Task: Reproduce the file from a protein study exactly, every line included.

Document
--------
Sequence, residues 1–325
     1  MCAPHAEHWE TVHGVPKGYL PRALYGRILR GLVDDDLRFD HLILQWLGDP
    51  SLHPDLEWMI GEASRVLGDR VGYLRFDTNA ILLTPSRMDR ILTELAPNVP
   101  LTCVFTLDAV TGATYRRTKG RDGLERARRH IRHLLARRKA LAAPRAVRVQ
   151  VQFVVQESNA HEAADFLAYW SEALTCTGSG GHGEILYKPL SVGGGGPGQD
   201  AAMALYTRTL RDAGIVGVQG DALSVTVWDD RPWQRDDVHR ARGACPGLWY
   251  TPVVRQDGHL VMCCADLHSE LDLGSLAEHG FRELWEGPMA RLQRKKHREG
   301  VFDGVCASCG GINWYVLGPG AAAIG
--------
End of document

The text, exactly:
Sequence, residues 1–325
     1  MCAPHAEHWE TVHGVPKGYL PRALYGRILR GLVDDDLRFD HLILQWLGDP
    51  SLHPDLEWMI GEASRVLGDR VGYLRFDTNA ILLTPSRMDR ILTELAPNVP
   101  LTCVFTLDAV TGATYRRTKG RDGLERARRH IRHLLARRKA LAAPRAVRVQ
   151  VQFVVQESNA HEAADFLAYW SEALTCTGSG GHGEILYKPL SVGGGGPGQD
   201  AAMALYTRTL RDAGIVGVQG DALSVTVWDD RPWQRDDVHR ARGACPGLWY
   251  TPVVRQDGHL VMCCADLHSE LDLGSLAEHG FRELWEGPMA RLQRKKHREG
   301  VFDGVCASCG GINWYVLGPG AAAIG